Jul 9 2014 - 10:52am

Mr. Cohen, thank you very much!

I am very glad to read (at last!) a very true article about events in Ukraine! People should know the truth, but usually they believe what they are told to and don’t try to find out the real facts. I am very grateful to Mr. Cohen that he has made so much effort to find the real facts and to analyze them in an unbiased way. I am from Russia, I have friends in Сrimea and I have had communications with refugees (there are too many of them, and they move to Russia, not to Kiev—why do you think?), and I understand how much that is deceptive about the situation is reported by American and European media. They publish what they are told to—it is very convenient—and don’t even try to send the reporters to Donbass to listen to the opposition and to watch how the Ukraine army kills “terrorists”: Russian-speaking children and women.

Jul 8 2014 - 7:16am

Objective and truthful

Thank you, Steven! It would be nice if this article was read all over the world!

I find it funny to read comments about the custom-made nature of this article. In Ukraine, there is a civil war, killing civilians. Children! A huge number of refugees. Killing journalists. Kiev shifts the responsibility onto militias and Moscow, with the bombing and shelling of residential neighborhoods. And this for its citizens!

A representative of the United States allows himself completely unacceptable remarks about my country and my president. Psaki amuses me. She pours so much dirt on us, but her allegations are unsubstantiated, not supported by the facts. Funny. Is Russia your enemy? Why so much anger?

Jul 4 2014 - 2:09pm

Perniciously limited debate

As a linguist, Noam Chomsky very finely lays down the implicit rules of what may or may not be discussed. But of course, read between the lines.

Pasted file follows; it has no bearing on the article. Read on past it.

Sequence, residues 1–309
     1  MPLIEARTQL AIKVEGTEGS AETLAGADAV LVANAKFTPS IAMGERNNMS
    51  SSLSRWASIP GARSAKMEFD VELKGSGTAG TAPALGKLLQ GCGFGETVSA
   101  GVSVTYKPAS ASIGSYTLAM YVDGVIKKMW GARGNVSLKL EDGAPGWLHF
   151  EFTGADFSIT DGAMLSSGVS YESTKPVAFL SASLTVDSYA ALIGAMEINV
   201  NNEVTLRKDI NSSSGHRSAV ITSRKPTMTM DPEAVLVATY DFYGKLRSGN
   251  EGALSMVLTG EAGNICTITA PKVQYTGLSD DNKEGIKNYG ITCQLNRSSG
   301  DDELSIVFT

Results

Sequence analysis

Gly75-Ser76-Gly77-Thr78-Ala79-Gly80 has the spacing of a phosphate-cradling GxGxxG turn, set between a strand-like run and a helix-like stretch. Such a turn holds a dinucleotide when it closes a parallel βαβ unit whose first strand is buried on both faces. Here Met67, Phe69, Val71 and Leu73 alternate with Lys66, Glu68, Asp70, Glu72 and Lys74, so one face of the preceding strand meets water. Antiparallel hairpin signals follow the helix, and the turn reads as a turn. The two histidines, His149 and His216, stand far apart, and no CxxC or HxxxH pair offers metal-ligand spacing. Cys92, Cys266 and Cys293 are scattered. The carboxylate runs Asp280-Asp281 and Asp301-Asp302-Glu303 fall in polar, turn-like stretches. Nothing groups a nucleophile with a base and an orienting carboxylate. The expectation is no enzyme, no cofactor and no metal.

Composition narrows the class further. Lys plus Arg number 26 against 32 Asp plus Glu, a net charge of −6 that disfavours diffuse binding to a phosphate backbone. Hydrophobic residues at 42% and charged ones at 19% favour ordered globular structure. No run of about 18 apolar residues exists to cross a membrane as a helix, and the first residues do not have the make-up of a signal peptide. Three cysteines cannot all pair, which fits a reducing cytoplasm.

We may take notice of Palestinian lands stolen after 1967, but any discussion of land taken by force before 1967 is beyond the pale. So too, any review of the massive suborning of the US administration, the Congress, lately the judiciary in matters against Iran, the threats of adverse, suborned, US actions against a couple of dozen parliaments in South America and Europe in 1947 and 1948. Recall “Truman beats Dewey.”

Chomsky included the hackneyed proposition that if we do not boycott Harvard, as a single convenient example, for various crimes of the US, then it is unfair to boycott Israeli colleges who support the Israeli actions against the Palestinians. Killing Palestinians and stealing their land was a criminal conspiracy since 1898 and today is a crime in progress. In systems of criminal justice, the perpetrators don’t get to choose who will be indicted. Israel claims a “special relation to the US.” There is a downside: special notice by Americans who do not enjoy being accomplices.

Noam Chomsky denies Palestinians the right of return to stolen lands and, I suppose, the concept of paying compensation to the dispossessed and to the descendants of the dispossessed. Heaven forbid! Don’t mention it. Don’t bring up German reparations, 1950 to 2014.

Jul 4 2014 - 11:43am